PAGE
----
With the presidential election now in full swing, the Ms. Blog is excited to bring you a series presented in conjunction with Presidential Gender Watch 2016, a project of the Barbara Lee Family Foundation and the Center for American Women and Politics. They’ll be tracking, analyzing and illuminating gender dynamics during election season—so check back with us regularly!
When the women of The View debriefed about last week’s Republican debate, they followed a formula too familiar to female candidates. In commenting on Carly Fiorina’s performance, they shifted from substance to appearance, characterizing Fiorina’s face as “demented” and “like a Halloween mask.” Ironically enough, they made these comments in response to Fiorina’s rebuke of pundits who had similarly criticized her appearance, arguing that she should have smiled more in the previous debate. That criticism followed Donald Trump’s comments on Fiorina’s face ahead of the second GOP debate, when he told Rolling Stone, “Look at that face! Would anyone vote for that? Can you imagine that, the face of our next president?!’
Fiorina’s face may be earning more media coverage than her candidacy. Unfortunately, this is not new to women running for office. One of the most consistent—and persistent—findings of research on media coverage of women candidates is that the media pay more attention to women’s hair, hemlines and husbands (or appearance, personality and family) than they do to men’s. These findings are particularly strong at the presidential level, where women candidates have been subject to sexist coverage that has emphasized style over substance and held women to gender stereotypical standards.
Despite Fiorina’s doubts that the women of The View would make similar remarks about Hillary Clinton (calling it a “double standard” for Republican women), scrutiny over Clinton’s appearance has been ubiquitous since her earliest days in the public eye—from our obsession with her hairstyles and pantsuits to commentary on her cleavage and “cankles” in the 2008 race. Clinton’s face has also been the topic of much discussion and speculation, with some pundits describing her “haggard” looks and others, ironically, investigating whether she secretly had plastic surgery.
This disparity in the quantity of appearance coverage does not just aggravate advocates for gender equality—research demonstrates that it also negatively influences voters’ evaluations of women candidates. According to a 2010 study, neutral, positive and negative descriptions of women candidates’ appearance had detrimental effects on voters’ perceptions that they were in touch, likable, confident, effective and qualified. And while women candidates also paid a price in voters’ likelihood of voting for them after being exposed to appearance coverage, male candidates paid no similar price in voter evaluation or vote choice when attention was paid to their looks.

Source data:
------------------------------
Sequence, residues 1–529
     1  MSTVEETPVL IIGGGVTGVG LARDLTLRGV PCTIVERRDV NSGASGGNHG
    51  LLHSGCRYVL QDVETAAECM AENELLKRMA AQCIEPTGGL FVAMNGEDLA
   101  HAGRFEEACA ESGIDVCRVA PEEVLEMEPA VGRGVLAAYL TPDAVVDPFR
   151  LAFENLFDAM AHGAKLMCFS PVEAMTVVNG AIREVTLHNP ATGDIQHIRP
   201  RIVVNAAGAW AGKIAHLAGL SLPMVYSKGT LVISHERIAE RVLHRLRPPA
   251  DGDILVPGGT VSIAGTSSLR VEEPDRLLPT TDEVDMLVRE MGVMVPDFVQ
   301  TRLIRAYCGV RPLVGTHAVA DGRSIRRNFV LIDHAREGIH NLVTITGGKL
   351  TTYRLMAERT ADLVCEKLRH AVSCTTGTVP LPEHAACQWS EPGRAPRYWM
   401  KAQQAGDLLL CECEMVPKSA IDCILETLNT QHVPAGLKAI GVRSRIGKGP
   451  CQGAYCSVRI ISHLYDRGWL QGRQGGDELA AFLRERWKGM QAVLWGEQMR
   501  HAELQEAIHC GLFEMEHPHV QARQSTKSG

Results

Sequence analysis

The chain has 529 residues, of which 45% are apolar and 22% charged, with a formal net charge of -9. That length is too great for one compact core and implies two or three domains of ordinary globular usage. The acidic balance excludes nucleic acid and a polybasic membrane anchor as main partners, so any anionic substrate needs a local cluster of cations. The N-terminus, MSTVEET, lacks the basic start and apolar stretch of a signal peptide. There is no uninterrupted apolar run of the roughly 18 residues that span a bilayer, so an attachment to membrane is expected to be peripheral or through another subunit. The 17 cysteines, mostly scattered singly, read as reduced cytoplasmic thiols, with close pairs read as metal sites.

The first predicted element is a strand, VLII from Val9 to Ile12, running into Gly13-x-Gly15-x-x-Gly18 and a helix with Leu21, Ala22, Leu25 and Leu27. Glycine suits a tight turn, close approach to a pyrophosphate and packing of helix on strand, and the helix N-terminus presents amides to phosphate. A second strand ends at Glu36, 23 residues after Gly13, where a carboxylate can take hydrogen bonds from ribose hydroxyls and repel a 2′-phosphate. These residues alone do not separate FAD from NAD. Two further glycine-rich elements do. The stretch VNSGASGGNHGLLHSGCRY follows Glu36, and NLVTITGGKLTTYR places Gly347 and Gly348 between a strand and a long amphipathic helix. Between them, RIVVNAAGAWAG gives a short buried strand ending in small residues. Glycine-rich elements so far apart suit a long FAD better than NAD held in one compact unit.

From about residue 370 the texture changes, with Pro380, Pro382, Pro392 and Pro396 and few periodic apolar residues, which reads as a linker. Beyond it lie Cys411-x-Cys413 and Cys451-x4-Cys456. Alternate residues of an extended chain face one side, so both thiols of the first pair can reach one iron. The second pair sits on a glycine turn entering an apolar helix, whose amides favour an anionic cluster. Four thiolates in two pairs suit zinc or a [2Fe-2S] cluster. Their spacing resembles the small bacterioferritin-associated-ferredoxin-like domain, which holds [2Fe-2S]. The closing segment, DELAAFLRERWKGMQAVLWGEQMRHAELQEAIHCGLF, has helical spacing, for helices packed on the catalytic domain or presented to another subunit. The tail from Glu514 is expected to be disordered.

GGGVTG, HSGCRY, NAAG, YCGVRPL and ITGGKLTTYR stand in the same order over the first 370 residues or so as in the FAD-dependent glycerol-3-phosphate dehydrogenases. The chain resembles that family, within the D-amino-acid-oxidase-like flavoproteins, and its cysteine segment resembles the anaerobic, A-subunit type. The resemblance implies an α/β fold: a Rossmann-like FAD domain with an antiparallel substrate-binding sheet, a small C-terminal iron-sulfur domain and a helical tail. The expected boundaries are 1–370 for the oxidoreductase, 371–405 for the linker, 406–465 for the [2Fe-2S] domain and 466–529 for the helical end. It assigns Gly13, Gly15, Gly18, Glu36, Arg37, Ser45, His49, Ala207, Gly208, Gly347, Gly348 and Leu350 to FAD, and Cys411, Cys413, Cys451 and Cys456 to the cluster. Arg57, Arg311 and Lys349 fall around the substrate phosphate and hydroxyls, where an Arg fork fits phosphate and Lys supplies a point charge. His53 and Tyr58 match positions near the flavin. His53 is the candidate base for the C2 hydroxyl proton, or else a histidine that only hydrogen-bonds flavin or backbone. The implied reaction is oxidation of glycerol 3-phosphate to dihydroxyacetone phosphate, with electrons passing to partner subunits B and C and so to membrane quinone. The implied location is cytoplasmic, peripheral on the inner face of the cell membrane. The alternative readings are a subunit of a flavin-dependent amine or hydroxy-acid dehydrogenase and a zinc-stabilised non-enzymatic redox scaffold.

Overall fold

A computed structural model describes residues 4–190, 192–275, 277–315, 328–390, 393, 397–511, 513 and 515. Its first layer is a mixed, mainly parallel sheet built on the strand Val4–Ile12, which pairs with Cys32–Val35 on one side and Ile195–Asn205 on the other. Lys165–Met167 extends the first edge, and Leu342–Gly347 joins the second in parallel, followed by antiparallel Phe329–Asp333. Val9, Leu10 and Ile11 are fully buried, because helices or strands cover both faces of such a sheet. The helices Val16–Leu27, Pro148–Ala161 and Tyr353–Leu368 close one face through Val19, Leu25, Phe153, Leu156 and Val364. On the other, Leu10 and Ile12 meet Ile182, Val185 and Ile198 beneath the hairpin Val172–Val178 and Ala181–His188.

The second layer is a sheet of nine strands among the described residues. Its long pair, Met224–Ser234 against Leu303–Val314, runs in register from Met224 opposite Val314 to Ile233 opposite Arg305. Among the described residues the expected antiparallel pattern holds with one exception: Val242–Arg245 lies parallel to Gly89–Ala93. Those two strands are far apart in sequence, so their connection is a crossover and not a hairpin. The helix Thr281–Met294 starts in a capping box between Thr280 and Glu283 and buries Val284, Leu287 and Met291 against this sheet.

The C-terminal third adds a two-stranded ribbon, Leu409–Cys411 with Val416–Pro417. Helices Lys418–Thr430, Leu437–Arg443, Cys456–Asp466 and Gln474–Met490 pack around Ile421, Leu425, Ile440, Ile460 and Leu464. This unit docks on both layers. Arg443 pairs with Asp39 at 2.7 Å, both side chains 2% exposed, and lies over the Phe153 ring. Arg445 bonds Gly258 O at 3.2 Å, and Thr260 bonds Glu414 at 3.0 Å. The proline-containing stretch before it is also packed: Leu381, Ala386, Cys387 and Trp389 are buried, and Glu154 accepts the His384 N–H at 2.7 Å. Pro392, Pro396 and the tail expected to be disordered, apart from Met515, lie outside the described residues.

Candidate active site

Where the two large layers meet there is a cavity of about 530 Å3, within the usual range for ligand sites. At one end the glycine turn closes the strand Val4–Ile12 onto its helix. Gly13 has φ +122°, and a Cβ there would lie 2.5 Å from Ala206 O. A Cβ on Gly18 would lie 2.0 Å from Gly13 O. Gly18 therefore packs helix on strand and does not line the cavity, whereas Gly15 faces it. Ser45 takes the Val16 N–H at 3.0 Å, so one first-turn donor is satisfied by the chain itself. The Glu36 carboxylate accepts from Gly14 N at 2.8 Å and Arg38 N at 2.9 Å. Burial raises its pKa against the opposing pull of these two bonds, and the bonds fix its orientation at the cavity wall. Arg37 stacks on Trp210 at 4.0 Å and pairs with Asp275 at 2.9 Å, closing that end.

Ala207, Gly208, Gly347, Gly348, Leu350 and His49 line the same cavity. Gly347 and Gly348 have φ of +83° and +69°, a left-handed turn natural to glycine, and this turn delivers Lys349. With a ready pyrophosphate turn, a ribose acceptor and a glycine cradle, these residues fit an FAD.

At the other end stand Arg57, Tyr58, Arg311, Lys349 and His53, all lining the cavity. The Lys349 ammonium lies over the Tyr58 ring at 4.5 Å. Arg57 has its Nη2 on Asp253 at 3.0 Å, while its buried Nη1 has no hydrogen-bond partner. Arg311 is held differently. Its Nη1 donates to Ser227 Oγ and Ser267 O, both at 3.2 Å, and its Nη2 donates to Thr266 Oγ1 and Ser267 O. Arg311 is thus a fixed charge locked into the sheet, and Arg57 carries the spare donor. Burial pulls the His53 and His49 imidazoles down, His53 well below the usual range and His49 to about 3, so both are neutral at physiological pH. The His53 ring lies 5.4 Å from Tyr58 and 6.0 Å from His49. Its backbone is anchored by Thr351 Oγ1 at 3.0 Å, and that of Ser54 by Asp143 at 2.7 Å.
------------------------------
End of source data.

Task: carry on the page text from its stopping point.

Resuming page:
In 2008, Hillary Clinton rarely addressed sexist media coverage. However, both Clinton and Fiorina have taken sexist commentary head-on in the 2016 race. Perhaps these women (and their campaigns) have read research conducted by Lake Research Partners in 2010 that demonstrates that the most effective response to sexist media treatment for women candidates is to acknowledge and respond to it. Clinton’s campaign has deployed humor to deflect attention to her appearance, posting a photo of her pantsuits before the campaign’s official launch and frequently joking about her hair color on the campaign trail. Fiorina has used humor, as she did in the last debate, but has also taken a more aggressive stance against comments over her appearance. In response to Trump’s comments in September, Fiorina told an audience of women supporters, “Ladies, look at this face…This is the face of a 61-year-old woman. I am proud of every year and every wrinkle.” Her comments were featured in a CARLY for America video (“Faces”) that went viral within feminist circles, allowing Fiorina to state simply but poignantly in the second GOP debate that, “Women all over this country heard very clearly what Mr. Trump said,” when asked to respond to his comments.